The right to bear arms

The Second Amendment (Amendment II) to the United States Constitution, adopted on December 15, 1791 (part of the first ten amendments to the constitution, collectively known as the Bill of Rights), protects the right of individuals to keep and bear arms.

Effectively this means an individual can own guns for their personal use and for use in the militia. Whilst upholding the Second Amendment, The Supreme Court of the United States ruled that the right is not unlimited and does not prohibit all regulation of either firearms or similar devices. State and local governments are limited to the same extent as the federal government from infringing this right.

Before the Bill of Rights, in countries with an English common law tradition, the long standing right to keep and bear arms was recognised, as pre-existing in common law, prior even to the existence of written national constitutions. In Australia, such rights are not legislated; in fact, it is just the opposite. We have no right to own guns for private use, with few exceptions, and each firearm of any description requires registration.

What the second amendment has become is a thorn in the side of legislators trying to control gun related violence.

Our Starts at Sixty publisher, Rebecca Wilson, posted a picture from the USA of a Christmas gift available from Walmart – look and weep. Pretty isn’t it? A pink gun makes it so much more acceptable to a young woman don’t you think?

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I find this photo terrifying! We lived on a farm as kids and Dad had a gun to deal with vermin. We all knew where the gun was kept and that the area was out of bounds. Yet even so, my father always so careful to check the gun was not loaded, and to hide the bullets, managed one day to put a bullet through the floor as he picked up the gun. Even as semi-rural-dwelling kids, we never received our own guns for Christmas, not even pretty pink ones!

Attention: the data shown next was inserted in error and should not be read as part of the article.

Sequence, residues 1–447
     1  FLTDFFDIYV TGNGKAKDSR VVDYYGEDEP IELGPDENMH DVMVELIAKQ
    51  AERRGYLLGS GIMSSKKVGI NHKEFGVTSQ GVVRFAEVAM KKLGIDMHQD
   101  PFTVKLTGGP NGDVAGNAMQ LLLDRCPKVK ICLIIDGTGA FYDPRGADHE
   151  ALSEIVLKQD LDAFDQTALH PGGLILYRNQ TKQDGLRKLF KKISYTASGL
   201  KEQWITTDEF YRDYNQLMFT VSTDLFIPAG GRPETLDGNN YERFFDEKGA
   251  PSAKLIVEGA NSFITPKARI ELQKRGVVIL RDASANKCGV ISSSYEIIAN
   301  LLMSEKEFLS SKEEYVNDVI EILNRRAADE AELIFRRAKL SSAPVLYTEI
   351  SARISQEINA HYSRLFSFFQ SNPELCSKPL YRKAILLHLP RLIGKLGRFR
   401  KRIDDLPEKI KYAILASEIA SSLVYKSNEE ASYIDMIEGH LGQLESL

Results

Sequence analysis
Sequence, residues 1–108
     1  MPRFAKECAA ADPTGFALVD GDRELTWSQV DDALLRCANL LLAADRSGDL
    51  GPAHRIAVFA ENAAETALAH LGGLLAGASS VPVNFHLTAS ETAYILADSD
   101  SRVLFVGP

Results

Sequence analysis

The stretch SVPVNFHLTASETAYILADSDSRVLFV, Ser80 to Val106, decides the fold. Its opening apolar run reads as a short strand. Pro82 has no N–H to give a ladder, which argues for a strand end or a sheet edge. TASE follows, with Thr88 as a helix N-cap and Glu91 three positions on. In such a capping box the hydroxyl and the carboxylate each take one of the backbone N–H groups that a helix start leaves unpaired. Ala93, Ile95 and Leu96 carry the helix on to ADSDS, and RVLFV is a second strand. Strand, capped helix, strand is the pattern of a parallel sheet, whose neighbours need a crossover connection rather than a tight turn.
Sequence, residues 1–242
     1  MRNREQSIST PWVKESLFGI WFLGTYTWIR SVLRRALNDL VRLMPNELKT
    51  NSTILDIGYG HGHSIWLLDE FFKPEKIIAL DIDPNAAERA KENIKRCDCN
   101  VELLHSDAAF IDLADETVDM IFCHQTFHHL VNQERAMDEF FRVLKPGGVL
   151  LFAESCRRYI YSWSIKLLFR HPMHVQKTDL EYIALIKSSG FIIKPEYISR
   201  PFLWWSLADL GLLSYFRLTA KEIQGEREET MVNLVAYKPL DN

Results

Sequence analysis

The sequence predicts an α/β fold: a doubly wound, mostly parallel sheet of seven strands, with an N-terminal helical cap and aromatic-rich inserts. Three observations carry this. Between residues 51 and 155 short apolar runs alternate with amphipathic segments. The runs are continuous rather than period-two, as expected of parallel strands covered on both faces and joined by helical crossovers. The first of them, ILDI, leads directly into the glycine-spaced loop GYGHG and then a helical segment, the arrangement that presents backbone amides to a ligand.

Comedian Chris Rock is well known for his raw comedy. I am not a fan; I prefer more subtle comedy, with no blasphemy and coarse words. So why am I quoting him in an article about the right to bear arms? Because his Saturday Night Live rant makes perfect sense to me:

“You don’t need no gun control, you know what you need? We need some bullet control. Men, we need to control the bullets, that’s right. I think all bullets should cost five thousand dollars… five thousand dollars per bullet… You know why? Cause if a bullet cost five thousand dollars there would be no more innocent bystanders.

Yeah! Every time somebody get shot we’d say, ‘Damn, he must have done something … ****, he’s got fifty thousand dollars worth of bullets in his ***.’

And people would think before they killed somebody if a bullet cost five thousand dollars. ‘Man I would blow your ******* head off…if I could afford it’. ‘I’m gonna get me another job, I’m going to start saving some money, and you’re a dead man. You’d better hope I can’t get no bullets on layaway” 

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So effectively Chris Rock says “don’t change the constitution” – people can bear arms to their hearts content – BUT they have to pay heavily for their bullets. Now that is lateral thinking! The Second Amendment confers the right to bear arms; it does not offer a price guarantee.

I started this blog before the tragic events in Martin Place and then I hesitated to finish and publish it. Please read it in the spirit in which it is written, an opinion. It is not a commentary on current events.


What do you think, will Chris Rock’s $5,000 bullets reduce the gun crime in the USA? If so, why? And if not, what is another solution?